One of the highlights of this year's Pan African Film Festival was an evening hosted by actor and
producer Isaiah Washington and sponsored
by Bulleit Bourbon. Washington, who
had three projects in the festival this year (Patrik-Ian Polk's Blackbird,
Alexandre Moors' Blue Caprice and Stacey Muhammad's For Colored Boys) invited a small group of writers to dinner,
where he discussed his life and career and what he looks to accomplish next.
Specifically, he addressed his career trajectory since his highly-publicized exit from ABC's Grey's Anatomy back in 2007. He and his wife, who celebrated their 18th wedding anniversary on the night of the event, shared the toll that the period took on their family and how that steered Washington towards the projects he's working on now - over the past few years, working on projects in Sierra Leone, reflecting on his career and writing his book, Man From Another Land.
Lately Washington has been focused on a lengthy slate of
independent film projects, several of which we've discussed on this site,
including star-studded short They Die By Dawn and John
Sayles’ Go For Sisters.
2014 will see his involvement in at least two more independent features, including We Are Family, a family drama that brings together indie mainstays Choice Skinner and Datari Turner as well as Mo'Nique and Sleepy Hollow's Orlando Jones, whom Washington says is a revelation in the film.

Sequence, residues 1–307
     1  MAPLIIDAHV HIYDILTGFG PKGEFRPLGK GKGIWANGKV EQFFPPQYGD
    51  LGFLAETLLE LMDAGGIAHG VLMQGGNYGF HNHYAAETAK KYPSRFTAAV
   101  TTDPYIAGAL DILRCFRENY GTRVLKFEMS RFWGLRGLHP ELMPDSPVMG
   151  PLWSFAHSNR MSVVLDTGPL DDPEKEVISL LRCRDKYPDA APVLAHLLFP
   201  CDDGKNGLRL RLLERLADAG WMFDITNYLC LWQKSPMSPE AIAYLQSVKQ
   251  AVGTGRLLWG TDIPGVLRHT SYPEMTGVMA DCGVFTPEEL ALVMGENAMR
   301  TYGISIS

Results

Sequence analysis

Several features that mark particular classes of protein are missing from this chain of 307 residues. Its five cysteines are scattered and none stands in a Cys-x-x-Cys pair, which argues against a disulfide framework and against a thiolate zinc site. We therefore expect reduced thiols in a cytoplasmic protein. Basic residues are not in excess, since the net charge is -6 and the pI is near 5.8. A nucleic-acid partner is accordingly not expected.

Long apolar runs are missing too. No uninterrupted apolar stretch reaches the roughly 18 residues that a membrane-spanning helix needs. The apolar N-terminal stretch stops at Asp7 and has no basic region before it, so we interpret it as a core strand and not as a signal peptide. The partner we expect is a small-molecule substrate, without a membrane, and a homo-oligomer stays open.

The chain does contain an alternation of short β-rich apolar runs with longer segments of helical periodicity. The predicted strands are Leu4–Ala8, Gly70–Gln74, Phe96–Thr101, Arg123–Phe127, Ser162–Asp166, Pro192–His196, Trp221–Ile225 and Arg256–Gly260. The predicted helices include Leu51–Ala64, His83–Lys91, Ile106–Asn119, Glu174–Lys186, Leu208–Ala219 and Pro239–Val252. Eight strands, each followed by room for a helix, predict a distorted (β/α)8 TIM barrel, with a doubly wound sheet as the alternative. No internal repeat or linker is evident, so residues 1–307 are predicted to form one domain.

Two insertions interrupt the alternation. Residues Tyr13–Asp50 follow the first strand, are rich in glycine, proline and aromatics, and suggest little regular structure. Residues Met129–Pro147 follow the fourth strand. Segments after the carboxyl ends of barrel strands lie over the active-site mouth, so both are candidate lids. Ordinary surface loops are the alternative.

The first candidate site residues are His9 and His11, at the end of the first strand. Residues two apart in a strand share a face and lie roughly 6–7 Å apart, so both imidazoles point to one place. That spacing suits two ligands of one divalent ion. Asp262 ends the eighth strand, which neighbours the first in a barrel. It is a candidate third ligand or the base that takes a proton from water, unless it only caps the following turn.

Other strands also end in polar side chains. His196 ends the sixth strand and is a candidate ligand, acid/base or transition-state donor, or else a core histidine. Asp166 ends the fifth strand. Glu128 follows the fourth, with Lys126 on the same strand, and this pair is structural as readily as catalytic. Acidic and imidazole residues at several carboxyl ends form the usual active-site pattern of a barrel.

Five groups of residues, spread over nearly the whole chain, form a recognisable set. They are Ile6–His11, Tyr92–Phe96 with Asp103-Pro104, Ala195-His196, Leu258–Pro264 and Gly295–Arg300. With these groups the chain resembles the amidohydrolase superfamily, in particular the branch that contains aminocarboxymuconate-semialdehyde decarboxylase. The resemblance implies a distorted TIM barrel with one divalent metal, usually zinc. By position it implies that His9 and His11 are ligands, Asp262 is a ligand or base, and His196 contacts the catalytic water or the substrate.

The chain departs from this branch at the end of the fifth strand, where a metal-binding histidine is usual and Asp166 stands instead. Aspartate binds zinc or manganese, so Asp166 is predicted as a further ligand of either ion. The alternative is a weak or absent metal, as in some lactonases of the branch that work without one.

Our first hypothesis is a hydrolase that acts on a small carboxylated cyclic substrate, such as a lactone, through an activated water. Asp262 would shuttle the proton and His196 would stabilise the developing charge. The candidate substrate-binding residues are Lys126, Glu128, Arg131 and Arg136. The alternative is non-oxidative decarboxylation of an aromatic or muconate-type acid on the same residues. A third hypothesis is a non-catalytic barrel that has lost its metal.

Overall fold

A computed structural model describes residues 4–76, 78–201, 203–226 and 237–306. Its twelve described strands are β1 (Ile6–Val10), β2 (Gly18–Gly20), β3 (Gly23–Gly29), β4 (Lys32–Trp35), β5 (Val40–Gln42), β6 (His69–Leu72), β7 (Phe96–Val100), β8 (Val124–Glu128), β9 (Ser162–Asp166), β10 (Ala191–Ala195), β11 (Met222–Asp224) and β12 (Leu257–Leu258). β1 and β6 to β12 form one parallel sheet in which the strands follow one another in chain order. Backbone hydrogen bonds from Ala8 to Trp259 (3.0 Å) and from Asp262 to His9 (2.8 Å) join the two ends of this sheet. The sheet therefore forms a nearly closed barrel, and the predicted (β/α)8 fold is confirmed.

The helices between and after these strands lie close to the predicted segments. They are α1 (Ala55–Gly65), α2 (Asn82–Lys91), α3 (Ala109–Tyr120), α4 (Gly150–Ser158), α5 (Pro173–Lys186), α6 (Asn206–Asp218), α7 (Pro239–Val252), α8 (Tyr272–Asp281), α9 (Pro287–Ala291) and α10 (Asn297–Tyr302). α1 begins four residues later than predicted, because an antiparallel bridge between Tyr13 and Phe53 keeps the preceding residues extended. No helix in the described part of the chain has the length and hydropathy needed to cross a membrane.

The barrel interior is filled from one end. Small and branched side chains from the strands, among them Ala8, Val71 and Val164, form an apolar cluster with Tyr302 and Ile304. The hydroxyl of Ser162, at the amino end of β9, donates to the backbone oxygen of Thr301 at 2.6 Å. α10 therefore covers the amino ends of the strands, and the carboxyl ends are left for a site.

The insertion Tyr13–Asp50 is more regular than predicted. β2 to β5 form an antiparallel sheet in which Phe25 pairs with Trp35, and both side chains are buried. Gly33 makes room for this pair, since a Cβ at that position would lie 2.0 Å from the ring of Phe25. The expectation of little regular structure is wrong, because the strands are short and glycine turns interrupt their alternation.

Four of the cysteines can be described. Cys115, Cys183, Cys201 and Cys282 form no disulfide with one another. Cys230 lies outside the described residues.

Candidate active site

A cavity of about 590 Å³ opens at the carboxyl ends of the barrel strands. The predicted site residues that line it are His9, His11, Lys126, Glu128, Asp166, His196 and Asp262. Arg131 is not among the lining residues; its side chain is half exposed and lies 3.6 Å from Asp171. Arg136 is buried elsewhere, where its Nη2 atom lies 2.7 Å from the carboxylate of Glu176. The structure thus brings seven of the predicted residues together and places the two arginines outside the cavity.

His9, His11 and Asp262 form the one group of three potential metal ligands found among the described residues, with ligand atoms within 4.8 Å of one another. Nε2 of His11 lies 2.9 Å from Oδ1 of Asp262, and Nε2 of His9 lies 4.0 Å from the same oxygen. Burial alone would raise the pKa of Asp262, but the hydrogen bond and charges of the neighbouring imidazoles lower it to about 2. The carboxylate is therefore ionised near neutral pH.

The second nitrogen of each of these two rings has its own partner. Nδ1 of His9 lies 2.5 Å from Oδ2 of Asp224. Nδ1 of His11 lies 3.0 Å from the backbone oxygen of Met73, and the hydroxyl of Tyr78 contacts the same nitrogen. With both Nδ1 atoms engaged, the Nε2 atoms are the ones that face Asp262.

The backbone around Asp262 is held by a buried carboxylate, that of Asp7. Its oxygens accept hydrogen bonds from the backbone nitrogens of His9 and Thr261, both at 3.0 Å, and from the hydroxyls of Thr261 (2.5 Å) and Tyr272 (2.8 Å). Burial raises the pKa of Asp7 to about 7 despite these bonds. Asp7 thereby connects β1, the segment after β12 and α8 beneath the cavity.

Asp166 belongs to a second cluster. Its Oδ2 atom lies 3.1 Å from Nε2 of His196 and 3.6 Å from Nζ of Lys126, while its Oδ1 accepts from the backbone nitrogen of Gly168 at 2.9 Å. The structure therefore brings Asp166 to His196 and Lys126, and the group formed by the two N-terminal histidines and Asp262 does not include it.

He also spoke about Matthew
Cherry's upcoming football drama Game-Time Decision, which looks to
highlight Chronic Traumatic Encephalopathy, a degenerative disease common to
athletes who've suffered multiple head injuries. Washington was thrilled about
the film, which is planned to go into production this summer, and mentioned
talks with the NFL and other organizations for possible involvement.
As for what else is on the horizon, he hinted at working on a new project with Jahmil X. T. Qubeka (Of Good Report), and said that even a return to Grey's wasn't out of the question. But regardless of where we see him next, he expressed that he would never take Hollywood too seriously, and urged that he would continue to find grassroots projects that he could believe in.
Blackbird, which Washington both produced and co-starred in, had its world premiere at Pan African Film Festival and was chosen as the Bulleit Frontier Film for pushing the boundaries of the modern frontier of cinematography.